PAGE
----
What is Band Theory of Metals?
Metals conduct electricity with the help of valence electrons present in them. The atomic orbitals of the metals having the same energy combine to form molecular orbitals which are close in energy to each other to form a band. In case, the band is partially filled or it overlaps with another higher energy unoccupied conduction band, electrons can easily flow under an applied electric field showing high conductivity.
Let us take the example of sodium.
Sodium has an atomic configuration of 1s2, 2s2, 2p6, 3s1. It has one unpaired electron in the 3s orbital. The 3s valence atomic orbital of sodium overlaps with another such orbital of the same energy to form molecular orbitals. The atomic orbitals continue to combine in some fashion forming a band. The energy spread of this band is calculated as the difference in energy between the most strongly bound “bonding orbital” and the highest energy “anti bonding orbital”.
In other cases when the gap between the valence band and the conduction band (next higher unoccupied band) is quite high, electrons fail to jump from valence band to the conduction band. Such compounds show very less or no conductivity.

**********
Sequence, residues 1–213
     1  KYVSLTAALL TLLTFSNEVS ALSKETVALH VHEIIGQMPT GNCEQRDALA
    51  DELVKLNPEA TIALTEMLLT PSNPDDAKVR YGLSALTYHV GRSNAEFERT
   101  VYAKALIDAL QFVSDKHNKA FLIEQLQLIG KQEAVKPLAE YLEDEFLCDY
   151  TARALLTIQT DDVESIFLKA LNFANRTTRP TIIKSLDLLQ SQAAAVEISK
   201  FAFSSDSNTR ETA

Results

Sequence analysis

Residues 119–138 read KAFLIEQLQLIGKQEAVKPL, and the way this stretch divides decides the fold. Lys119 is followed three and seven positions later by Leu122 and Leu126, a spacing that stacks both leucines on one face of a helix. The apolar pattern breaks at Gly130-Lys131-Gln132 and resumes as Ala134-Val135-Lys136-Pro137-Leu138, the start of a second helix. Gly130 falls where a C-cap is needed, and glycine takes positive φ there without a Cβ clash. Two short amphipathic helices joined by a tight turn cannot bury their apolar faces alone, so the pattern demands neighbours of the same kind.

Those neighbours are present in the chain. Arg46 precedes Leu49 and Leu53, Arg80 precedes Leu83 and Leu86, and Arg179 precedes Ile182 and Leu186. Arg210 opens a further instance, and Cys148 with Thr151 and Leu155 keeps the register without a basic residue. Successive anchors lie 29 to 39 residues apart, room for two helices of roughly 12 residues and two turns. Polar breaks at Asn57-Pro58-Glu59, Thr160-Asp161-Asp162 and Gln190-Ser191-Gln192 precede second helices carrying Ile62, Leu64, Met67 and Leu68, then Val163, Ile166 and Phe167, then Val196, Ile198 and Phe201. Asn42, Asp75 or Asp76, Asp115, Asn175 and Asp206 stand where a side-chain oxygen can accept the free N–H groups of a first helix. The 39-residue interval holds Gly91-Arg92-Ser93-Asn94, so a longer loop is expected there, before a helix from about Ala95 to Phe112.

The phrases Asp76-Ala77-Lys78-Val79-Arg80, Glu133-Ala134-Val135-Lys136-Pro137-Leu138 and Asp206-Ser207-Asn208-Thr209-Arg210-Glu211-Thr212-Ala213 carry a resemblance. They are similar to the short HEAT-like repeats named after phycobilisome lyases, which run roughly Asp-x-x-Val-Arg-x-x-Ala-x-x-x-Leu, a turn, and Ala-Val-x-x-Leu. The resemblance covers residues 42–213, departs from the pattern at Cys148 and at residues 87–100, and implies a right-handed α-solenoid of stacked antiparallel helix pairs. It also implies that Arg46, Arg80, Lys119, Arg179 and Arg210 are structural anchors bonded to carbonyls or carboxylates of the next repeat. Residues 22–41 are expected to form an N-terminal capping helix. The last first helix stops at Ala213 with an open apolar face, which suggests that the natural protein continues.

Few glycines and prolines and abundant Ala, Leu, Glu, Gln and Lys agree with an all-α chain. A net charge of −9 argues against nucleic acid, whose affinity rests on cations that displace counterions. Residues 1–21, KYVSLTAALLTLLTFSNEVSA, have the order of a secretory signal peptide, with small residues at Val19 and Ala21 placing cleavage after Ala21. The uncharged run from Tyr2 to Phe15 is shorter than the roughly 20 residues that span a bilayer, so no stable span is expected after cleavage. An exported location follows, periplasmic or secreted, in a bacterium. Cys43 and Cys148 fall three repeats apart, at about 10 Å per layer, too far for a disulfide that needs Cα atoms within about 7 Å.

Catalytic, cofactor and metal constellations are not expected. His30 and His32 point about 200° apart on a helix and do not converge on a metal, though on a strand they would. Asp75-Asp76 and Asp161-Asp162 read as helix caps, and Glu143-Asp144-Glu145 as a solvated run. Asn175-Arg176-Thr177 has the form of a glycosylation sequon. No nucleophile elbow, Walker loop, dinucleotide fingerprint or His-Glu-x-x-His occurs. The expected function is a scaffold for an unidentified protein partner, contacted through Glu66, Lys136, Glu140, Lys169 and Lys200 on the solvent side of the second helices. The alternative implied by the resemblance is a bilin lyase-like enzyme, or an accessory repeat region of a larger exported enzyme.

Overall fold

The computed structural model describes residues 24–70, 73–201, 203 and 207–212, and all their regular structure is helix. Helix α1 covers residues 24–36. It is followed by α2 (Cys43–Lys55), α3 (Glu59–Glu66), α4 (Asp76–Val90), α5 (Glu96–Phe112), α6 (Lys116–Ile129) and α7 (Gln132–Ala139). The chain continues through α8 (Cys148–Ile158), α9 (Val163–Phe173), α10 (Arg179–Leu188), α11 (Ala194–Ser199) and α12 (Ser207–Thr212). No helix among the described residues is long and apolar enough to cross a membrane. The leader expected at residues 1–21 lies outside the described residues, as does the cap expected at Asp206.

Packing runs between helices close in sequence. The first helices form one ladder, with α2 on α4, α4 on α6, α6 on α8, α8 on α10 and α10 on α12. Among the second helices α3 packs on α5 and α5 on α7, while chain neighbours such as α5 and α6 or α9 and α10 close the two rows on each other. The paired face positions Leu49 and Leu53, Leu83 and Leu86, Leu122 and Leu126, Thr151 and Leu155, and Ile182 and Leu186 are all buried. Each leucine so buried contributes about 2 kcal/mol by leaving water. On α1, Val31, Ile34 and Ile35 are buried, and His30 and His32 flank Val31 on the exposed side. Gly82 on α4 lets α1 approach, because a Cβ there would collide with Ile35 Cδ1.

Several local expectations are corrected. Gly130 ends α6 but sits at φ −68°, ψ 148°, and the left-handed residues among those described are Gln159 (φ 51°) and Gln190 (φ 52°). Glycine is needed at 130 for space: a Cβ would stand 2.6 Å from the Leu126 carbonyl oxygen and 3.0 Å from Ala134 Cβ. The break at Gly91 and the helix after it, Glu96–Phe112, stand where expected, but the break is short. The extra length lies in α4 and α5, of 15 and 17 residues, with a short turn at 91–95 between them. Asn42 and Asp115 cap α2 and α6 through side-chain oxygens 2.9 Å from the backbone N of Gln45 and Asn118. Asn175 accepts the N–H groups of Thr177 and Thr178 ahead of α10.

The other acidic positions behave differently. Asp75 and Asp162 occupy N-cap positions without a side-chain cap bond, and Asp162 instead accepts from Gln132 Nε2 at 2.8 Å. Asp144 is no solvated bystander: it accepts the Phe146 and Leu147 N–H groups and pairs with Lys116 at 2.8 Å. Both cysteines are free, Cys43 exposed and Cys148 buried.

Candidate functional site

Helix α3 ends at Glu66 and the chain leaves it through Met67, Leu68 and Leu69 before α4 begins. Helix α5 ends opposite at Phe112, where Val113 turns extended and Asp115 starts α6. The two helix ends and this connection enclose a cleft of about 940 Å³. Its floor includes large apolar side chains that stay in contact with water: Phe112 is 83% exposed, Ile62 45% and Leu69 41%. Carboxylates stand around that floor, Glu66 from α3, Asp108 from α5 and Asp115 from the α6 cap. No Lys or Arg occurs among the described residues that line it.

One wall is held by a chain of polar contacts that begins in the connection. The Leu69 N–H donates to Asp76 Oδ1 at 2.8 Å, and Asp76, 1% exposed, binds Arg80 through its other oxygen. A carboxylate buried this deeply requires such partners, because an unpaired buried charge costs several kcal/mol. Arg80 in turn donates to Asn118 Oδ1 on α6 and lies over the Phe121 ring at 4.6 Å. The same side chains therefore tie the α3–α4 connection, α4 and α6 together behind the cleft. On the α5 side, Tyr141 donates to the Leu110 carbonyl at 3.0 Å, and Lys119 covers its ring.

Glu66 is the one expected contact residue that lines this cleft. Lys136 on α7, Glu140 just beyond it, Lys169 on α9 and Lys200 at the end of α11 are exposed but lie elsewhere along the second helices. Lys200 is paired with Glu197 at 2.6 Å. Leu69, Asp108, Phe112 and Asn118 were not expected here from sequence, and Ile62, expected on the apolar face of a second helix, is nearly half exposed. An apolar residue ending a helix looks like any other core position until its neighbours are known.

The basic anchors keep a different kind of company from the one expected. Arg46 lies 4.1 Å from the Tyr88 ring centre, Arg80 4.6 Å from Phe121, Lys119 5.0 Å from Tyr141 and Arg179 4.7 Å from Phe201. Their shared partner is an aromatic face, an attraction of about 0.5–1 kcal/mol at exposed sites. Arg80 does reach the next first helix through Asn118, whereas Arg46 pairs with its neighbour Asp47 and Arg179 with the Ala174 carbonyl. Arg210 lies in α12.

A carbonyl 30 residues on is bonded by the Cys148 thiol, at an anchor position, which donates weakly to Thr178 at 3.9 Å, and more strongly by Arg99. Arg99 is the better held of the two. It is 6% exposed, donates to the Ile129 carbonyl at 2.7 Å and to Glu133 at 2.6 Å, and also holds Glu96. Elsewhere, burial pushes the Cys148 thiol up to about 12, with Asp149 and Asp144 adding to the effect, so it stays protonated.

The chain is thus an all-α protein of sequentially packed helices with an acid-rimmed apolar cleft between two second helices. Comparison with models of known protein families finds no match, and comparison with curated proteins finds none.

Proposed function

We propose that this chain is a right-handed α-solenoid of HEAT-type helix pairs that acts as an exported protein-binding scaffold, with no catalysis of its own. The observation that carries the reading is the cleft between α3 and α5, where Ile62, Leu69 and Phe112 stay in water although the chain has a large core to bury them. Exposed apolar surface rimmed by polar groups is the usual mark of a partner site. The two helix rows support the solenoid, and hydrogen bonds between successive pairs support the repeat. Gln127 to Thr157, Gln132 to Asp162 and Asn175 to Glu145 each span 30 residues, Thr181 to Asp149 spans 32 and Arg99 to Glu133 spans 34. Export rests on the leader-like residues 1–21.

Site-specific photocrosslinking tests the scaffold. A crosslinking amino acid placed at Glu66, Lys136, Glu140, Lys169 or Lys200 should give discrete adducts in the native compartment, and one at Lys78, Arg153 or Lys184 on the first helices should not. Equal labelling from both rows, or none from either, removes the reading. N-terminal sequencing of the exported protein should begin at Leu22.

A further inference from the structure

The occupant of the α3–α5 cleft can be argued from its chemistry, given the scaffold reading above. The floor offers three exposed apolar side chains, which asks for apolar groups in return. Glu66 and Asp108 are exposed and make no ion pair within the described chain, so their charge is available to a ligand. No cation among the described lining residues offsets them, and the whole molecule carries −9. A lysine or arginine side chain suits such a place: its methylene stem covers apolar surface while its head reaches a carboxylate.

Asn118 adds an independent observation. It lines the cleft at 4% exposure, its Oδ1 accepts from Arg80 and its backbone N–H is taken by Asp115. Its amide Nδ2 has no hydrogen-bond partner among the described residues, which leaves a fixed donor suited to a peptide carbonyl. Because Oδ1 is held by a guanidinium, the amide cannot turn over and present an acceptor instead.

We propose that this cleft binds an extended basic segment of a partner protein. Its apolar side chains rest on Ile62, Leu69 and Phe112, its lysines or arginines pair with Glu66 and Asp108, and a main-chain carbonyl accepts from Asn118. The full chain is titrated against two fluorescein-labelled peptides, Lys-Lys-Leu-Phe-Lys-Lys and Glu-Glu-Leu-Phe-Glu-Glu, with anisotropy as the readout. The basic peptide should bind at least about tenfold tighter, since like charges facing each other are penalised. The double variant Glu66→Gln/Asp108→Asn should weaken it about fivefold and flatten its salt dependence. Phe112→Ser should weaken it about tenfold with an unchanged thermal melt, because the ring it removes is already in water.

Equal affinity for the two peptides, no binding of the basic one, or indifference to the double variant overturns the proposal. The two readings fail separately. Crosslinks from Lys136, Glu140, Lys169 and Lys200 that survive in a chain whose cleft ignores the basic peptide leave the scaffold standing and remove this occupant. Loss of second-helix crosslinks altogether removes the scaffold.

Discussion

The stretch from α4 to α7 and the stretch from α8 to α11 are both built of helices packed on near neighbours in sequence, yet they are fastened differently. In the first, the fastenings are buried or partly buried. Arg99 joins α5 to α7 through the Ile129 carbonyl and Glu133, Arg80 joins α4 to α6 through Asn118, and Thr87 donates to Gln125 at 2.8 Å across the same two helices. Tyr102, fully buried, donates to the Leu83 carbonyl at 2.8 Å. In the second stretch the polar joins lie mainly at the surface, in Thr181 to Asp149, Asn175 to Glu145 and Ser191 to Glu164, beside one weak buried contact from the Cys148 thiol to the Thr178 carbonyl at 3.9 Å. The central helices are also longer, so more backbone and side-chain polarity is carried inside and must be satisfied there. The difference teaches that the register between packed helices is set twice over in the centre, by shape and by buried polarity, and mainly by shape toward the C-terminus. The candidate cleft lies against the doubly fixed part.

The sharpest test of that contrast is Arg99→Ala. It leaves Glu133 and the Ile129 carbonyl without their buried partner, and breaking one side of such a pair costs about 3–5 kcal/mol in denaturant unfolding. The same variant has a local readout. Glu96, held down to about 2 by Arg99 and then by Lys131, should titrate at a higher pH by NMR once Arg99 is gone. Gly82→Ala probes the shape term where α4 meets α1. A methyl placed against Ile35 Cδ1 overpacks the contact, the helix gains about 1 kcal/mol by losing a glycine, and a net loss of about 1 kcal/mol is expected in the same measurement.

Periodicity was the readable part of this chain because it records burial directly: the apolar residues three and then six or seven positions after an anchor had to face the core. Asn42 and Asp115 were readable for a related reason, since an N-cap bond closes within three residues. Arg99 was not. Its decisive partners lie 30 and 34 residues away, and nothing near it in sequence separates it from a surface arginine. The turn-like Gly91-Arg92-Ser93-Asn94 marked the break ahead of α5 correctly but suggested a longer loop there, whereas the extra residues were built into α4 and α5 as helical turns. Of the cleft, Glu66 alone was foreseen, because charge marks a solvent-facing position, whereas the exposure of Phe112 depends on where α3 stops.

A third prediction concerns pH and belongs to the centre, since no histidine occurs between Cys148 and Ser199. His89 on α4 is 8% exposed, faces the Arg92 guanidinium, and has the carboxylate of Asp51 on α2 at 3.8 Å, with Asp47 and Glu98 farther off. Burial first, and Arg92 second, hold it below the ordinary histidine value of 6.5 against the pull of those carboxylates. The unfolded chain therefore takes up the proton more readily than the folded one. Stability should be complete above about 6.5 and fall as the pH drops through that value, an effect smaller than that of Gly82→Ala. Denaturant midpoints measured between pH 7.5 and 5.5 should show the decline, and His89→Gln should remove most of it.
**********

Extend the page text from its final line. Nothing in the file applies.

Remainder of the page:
For example glass. When the gap between the valence band and conduction band is small, some electrons may jump from valence band to conduction band and thus show some conductivity. Such substances are known as semiconductors. For example silicon, germanium.
It is evident from the figure, in case of metal, there is no separation between the bands. This helps the incited electrons to easily move from one orbital to another and hence metals are good conductors of electricity. In the case of semiconductors, there is a small gap between the valence band and the conduction band.
Hence, only a small fraction of electrons (having sufficient energy) jumps when incited. However, we can increase the conductivity of such substances by increasing the temperature or doping. In insulators, the difference between the valence band and conduction band is very high. Hence, no conductivity is shown by such substances.
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